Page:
Saturday, February 14, 2015

Run Android on your Windows PC – why you should and how you can do it

If you’re curious about Android (after having enough of iOS or Windows Phone), there’s no need to buy a smartphone just for a trial run. You can experiment or explore Google’s operating system and its apps directly on your Windows (or Mac) computer. Here’s how.


Why you should run Android on your Windows computer

But before that, here are some more reasons why emulating or running Android on Windows is convenient:

  • You want to play your games on a larger screen.
  • You find the constant switching between smartphone and computer a hassle just to use your applications.
  • You’re an app developer, and you want to test your code directly on the computer.
  • You don’t want to own an Android device (because of your loyalty to another platform), but you want to try apps that are exclusive to Android.
  • You’re a blogger/writer (like me!), and you find that taking screenshots for your Android-related articles is easier when you do it on a computer.
  • You want to multi-task—using multiple apps simultaneously without having to switch between apps. (Almost all Android devices can only display one app at a time.)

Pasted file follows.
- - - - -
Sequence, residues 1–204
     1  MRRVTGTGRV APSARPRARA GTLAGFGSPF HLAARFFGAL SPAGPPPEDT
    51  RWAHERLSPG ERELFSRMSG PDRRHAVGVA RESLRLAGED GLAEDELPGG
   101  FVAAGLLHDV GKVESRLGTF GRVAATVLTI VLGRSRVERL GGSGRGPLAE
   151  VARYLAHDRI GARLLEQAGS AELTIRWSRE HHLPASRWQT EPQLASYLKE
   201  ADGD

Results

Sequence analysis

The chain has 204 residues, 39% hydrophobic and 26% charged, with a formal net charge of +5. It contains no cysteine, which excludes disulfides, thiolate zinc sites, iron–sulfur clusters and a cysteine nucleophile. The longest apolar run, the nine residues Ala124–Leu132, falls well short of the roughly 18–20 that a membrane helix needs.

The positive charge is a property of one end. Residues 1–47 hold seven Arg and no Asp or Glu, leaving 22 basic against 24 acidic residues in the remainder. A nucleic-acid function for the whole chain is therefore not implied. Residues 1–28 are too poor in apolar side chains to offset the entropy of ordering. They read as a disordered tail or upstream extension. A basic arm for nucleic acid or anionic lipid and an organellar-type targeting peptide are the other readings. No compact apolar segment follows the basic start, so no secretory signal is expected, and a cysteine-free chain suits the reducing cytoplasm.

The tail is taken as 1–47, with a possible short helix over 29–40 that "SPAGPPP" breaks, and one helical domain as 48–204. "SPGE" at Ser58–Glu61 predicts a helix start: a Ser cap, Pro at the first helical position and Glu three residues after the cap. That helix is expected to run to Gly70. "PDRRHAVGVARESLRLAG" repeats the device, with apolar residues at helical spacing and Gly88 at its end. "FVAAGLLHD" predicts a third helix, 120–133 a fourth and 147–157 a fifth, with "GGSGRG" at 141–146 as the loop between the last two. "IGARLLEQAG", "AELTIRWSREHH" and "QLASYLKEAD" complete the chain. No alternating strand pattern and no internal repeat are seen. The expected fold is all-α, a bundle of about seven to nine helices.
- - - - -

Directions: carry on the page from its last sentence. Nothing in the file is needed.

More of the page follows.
• Your mobile device has very limited storage capacity, whereas you can install a virtually unlimited number of apps on your computer with its terabytes of hard disk storage.

Run Android on Windows using BlueStacks

If it’s just for the apps (i.e., you don’t care much for Android itself), then BlueStacks is your best choice. Just download the Bluestacks App Player from the official website, make a few clicks here and there during installation, and you’ll soon be running apps on your computer.

In most cases, BlueStacks is fast, stable and easy to use. I’ve seen friends using it on their computers. Note that the actual performance of the app player depends on the computer’s hardware. If you want everything to be smooth, prep your computer with lots of RAM, a decent discrete graphics card and updated drivers.

Once installed, you’ll need to search for games in Google Play and install them. You’ll need to enter your Google account. Apps that require SMS registration won’t work, unless your computer utilizes a SIM card (but I’m guessing it doesn’t). If you want to sync app data between your Android device and the app player, BlueStacks has a solution for that.

The downside to using BlueStacks is that it’s only free with a catch. If you want to use it, you’ll have to either pay $2 a month or install sponsored apps each day. For the latter option, you just have to install and not necessarily open them. You can even just uninstall them shortly afterwards.

User complaints about the BlueStacks App Player revolve around their computer hanging or freezing, unusually large bandwidth consumption, app downloads in the background, and incompatibility with antivirus software. I tried the app player myself, and my computer did start to freeze for no reason. Your experience may vary.

Run Android on Windows using the Andy emulator